The evenings in Brooklyn move from park to rooftop to sofa, from large exuberant celebrations of summer to small conversations about the practicalities of shared spaces, and the hours fly quickly. In another two dozen we are back on our coast, back in the weather that is not a season, and back to the courtyard that houses a cat. The vacation has ended, and the memory will fade from our skin, but we have seen New York, and summer, again.

Ubaldo Jimenez

Every year at their time the rumors roll in about deals that will be done, players who are available, and other nonsense. Usually I ignore them, because they’re unreliable and in a month will be forgotten. However, as I’ve recently become something of a Rockies fan, at least when they’re not playing the Cardinals, I have a few thoughts about the man whose name headlines this post.

Ubaldo is one of my favorite Rockies.  He’s also an incredibly talented pitcher. In addition, he is twenty seven years old. That is the key point for today. Any discussion of the Rockies as sellers in the baseball trade market, or at least of sellers where Ubaldo is concerned, depends on age.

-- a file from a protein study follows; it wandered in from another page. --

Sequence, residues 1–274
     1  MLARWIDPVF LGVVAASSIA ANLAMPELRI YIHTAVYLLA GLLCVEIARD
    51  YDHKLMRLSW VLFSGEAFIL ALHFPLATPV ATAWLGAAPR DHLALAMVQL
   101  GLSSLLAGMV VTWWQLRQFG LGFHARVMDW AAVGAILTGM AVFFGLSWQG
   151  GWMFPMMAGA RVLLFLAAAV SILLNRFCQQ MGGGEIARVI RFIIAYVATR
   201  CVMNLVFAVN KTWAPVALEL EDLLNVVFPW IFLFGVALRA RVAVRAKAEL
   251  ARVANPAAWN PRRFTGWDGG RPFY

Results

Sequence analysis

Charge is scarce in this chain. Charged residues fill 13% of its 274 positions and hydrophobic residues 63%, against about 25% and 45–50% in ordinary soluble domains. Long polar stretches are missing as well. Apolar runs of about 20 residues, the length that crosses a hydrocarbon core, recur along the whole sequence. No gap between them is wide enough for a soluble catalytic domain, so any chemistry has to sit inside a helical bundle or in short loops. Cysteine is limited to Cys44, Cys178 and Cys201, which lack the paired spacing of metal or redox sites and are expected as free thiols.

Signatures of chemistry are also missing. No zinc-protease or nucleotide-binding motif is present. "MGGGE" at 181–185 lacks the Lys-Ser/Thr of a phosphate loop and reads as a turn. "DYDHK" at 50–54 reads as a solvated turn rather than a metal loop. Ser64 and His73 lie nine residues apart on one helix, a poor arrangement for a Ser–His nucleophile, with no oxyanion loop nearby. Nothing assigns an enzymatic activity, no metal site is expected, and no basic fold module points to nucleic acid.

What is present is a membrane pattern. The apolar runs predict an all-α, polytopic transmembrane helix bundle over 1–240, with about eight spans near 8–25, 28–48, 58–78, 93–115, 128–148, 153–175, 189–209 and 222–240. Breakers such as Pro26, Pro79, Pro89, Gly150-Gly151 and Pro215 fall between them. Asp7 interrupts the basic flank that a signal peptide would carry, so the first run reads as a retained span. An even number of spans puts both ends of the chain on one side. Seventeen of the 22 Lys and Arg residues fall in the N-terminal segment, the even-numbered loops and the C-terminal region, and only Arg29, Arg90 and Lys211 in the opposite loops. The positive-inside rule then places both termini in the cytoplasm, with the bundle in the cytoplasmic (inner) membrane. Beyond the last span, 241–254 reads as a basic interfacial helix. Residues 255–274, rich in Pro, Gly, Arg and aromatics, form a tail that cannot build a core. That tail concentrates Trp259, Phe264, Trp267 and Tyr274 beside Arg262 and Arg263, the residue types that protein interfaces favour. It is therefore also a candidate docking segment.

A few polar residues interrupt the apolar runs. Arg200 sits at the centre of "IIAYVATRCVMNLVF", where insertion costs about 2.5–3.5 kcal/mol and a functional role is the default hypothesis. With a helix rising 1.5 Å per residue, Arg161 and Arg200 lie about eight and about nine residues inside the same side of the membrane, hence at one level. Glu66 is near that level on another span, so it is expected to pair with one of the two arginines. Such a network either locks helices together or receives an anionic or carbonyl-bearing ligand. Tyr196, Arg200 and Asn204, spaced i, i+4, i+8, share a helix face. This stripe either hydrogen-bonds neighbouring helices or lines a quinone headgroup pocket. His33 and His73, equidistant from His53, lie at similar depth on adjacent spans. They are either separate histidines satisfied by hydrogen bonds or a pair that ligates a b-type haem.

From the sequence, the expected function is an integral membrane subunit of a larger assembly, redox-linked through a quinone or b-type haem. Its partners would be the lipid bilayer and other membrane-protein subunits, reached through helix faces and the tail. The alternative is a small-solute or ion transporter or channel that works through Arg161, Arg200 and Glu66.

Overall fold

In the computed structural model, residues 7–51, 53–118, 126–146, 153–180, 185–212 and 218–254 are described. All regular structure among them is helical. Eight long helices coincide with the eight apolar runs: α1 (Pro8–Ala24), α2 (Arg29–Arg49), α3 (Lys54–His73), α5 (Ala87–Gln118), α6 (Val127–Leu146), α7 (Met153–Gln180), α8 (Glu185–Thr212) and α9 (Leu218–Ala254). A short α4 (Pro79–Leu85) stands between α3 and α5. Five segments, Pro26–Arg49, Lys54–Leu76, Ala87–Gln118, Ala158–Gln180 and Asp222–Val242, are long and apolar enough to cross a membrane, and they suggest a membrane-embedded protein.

Mid-market teams, like the Rockies, are usually understood to be on a build and sell cycle, where they build a core of prospects, try to add veterans around them as the youth movement reaches the Majors, and then trade or allow players to leave as they become too expensive, keeping, if they are lucky, the very best.  Thus, trading Ubaldo would make sense only if he was either about to be too expensive to keep or if the players surrounding him were not yet ready to win at the Major League level.  Neither is true. Ubaldo is only twenty seven, he is signed at a very reasonable salary until 2014, and he is part of the Rockies core group of internally developed prospects, all of whom are of similar age and many of whom, specifically Troy Tulowitski and Carlos Gonzalez, are likewise signed for the next several years.